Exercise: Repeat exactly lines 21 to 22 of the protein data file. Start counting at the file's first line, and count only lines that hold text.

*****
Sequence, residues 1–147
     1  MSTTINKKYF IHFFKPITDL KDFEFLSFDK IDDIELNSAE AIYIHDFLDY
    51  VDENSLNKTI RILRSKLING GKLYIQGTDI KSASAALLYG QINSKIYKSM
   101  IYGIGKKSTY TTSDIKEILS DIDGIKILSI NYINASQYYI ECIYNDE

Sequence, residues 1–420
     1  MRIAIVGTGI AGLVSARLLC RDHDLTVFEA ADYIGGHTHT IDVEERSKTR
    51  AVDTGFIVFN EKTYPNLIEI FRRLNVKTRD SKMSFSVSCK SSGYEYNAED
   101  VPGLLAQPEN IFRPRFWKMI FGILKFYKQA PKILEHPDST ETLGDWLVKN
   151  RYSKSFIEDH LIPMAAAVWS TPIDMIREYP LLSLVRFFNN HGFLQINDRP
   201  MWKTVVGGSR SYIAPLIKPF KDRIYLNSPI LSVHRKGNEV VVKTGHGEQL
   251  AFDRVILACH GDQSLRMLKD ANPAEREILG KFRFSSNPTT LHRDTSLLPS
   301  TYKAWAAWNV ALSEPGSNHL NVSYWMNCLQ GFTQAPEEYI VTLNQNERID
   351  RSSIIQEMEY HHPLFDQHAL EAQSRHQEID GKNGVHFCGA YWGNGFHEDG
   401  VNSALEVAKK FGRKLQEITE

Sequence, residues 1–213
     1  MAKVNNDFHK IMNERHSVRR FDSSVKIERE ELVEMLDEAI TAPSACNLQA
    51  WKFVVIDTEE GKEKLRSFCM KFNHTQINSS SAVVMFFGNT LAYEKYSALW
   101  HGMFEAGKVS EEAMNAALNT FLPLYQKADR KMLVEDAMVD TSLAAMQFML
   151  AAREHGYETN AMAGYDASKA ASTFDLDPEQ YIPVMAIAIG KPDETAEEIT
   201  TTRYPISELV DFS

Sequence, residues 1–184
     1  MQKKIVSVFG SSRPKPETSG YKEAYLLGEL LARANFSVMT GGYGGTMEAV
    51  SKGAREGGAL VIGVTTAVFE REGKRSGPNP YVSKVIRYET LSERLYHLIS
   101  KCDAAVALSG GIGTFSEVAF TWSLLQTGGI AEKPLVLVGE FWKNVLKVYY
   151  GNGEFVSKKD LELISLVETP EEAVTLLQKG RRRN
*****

Sequence, residues 1–184
     1  MQKKIVSVFG SSRPKPETSG YKEAYLLGEL LARANFSVMT GGYGGTMEAV